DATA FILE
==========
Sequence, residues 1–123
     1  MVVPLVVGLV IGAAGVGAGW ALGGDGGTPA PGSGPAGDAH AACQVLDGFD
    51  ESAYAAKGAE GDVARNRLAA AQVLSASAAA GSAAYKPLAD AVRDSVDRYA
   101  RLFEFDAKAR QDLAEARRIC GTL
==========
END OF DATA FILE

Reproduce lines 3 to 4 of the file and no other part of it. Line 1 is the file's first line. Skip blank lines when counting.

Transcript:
    51  ESAYAAKGAE GDVARNRLAA AQVLSASAAA GSAAYKPLAD AVRDSVDRYA
   101  RLFEFDAKAR QDLAEARRIC GTL